The House on Thursday approved a bill that would prohibit federal funds from going toward any health care plan that covers abortion services, marking the chamber’s passage of its first major abortion-rights measure since May.
The vote came shortly after South Korean President Lee Myung-bak addressed a joint meeting of Congress.
In addition to blocking federal funding of health care plans that cover abortion services, the bill, authored by Rep. Joe Pitts (R-Pa.) and known as the “Protect Life Act,” would prevent funds from being withheld from health care institutions that are opposed to providing abortions.
House Majority Leader Eric Cantor (R-Va.) announced the planned vote in a speech at last week’s Values Voter Summit, an annual gathering of more than 3,000 social conservatives in Washington.
But this week, there was little fanfare surrounding the measure; both Cantor and House Speaker John Boehner (R-Ohio) did not mention it in their weekly remarks to reporters, instead focusing their comments on President Obama’s jobs bill, which was blocked by Senate Republicans earlier this week.
On Thursday, Democrats criticized both the substance of the legislation as well as the decision by House Republican leaders to move the bill to the floor as a “waste of time” that otherwise could have been spent on jobs measures.
“It’s appalling,” House Minority Leader Nancy Pelosi (D-Calif.) said at a Thursday morning news conference, arguing that “women can die on the floor and health care providers do not have to intervene if this bill is passed.”
“America’s families deserve better than this and again, today is another example of a wasted opportunity instead of taking up even an aspect of the president’s jobs bill that could create jobs,” she continued. “I can’t even describe to you the logic of what they are doing.”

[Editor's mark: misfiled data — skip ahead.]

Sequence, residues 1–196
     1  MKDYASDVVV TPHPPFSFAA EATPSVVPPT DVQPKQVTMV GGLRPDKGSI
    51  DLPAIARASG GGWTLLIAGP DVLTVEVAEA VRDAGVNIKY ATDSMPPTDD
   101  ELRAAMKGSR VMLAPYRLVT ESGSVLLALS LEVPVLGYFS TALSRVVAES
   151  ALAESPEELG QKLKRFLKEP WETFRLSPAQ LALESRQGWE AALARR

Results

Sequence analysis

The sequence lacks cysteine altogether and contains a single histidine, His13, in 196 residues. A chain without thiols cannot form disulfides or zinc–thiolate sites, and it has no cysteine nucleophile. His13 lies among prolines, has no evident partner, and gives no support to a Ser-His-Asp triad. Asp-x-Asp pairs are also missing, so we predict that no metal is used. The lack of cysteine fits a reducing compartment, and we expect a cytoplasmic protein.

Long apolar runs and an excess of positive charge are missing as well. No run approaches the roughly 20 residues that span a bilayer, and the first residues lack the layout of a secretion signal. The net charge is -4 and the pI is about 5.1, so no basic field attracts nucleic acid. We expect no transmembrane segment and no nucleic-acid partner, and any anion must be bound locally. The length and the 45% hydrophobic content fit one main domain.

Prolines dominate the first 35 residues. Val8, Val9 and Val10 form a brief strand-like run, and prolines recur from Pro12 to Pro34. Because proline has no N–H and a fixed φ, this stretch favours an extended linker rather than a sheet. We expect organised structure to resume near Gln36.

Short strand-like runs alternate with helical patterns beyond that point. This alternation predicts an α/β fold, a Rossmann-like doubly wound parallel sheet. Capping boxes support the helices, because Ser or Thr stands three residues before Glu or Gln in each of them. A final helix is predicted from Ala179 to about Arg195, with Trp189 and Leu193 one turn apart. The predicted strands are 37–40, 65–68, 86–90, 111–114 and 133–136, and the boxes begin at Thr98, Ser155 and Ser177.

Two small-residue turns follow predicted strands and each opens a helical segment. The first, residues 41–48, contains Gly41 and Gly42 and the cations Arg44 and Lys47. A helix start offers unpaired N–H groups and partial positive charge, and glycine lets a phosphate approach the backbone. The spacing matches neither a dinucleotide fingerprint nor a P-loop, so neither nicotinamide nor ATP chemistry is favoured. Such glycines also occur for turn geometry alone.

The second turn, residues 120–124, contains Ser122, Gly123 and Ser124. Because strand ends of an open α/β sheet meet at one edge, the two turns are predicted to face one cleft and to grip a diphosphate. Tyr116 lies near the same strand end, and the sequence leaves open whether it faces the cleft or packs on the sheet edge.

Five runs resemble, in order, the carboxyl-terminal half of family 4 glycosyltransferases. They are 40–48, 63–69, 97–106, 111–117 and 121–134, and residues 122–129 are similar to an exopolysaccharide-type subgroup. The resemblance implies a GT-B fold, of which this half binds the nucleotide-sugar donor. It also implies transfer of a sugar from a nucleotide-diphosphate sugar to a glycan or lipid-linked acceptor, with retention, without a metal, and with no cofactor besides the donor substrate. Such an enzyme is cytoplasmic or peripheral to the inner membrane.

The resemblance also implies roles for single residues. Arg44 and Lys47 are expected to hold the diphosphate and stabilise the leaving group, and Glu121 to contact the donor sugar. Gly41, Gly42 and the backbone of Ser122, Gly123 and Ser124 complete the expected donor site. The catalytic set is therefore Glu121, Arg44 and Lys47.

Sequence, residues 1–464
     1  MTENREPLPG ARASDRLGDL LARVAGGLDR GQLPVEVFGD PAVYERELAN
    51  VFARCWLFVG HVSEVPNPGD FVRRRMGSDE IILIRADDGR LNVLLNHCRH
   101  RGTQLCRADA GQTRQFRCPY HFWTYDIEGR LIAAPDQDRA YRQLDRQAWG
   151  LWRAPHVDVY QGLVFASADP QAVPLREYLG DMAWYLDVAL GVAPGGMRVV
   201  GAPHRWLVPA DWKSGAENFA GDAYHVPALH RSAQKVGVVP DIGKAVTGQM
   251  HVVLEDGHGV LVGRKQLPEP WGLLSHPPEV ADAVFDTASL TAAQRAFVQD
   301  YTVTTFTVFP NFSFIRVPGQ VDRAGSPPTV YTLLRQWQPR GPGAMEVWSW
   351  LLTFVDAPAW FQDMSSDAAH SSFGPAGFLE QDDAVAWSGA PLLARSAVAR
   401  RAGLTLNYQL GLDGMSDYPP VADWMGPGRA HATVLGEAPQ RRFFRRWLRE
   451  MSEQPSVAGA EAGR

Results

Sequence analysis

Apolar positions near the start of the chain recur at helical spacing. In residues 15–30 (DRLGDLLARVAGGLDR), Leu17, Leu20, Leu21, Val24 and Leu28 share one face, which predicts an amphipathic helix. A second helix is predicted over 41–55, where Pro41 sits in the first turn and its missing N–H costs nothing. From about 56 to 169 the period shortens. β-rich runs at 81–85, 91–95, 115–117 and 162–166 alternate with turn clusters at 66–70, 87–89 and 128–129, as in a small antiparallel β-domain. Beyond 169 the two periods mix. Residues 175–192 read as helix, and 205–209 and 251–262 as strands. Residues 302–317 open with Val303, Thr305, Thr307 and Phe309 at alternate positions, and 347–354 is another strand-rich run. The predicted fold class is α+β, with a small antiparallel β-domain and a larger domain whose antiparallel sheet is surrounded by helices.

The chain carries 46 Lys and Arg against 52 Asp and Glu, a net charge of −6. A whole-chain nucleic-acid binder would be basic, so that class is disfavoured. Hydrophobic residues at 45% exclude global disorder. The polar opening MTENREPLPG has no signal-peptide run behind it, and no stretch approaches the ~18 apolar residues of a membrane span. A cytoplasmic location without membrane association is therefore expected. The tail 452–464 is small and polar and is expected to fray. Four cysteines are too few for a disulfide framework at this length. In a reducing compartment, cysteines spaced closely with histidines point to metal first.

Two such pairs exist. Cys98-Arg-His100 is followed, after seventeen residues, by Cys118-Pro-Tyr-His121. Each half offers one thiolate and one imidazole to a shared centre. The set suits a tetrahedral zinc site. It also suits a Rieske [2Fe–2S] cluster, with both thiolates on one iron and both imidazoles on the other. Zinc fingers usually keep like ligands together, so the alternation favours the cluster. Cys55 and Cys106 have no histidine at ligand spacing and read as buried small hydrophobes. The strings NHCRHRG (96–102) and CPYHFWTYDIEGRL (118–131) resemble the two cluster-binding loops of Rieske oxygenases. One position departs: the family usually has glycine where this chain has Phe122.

Boehner defended the bill at his weekly news conference, contending that Republicans were upholding last year’s “Pledge to America” by moving forward with the legislation.
“Listen, we’ve done four or five solid job creation bills this week, and this bill was part of our Pledge to America,” he said. “We’re keeping our word to the American people, and we’re going to do it.”
As they have done during the heated battles over abortion-rights legislation earlier this Congress, rank-and-file members took to the House floor Thursday morning and afternoon to rally in support or opposition to the measure.
Rep. Alcee Hastings (D-Fla.) called the measure “a deeply flawed and deeply divisive bill that will not pass the Senate and will be vetoed if it reaches the president’s desk.”
“Let’s be serious here. Republicans have yet to pass one single jobs bill. ... The Protect Life Act is unnecessary and clearly is politically motivated,” he said. “Republicans are resorting to their old bag of tricks and pulling the abortion card in order to distract from their clear lack of leadership.”
Republican members countered that the House continues to act on jobs-related measures and that the ball is in the Senate’s court to move forward on legislation already passed by the lower chamber.
And, as freshman Rep. Trey Gowdy (R-S.C.) argued, the House at any moment is engaged on any number of issues not related to jobs, such as the ongoing Fast and Furious investigation.
“I don’t think it has to create jobs for it to be worth our time,” Gowdy said in an interview. “I do find it curious that matters of life – regardless of where you are on the merits – that matters of life would be second-tier to a job. ... We passed a defense appropriations bill; is that related to job-creation? It’s sophistry.”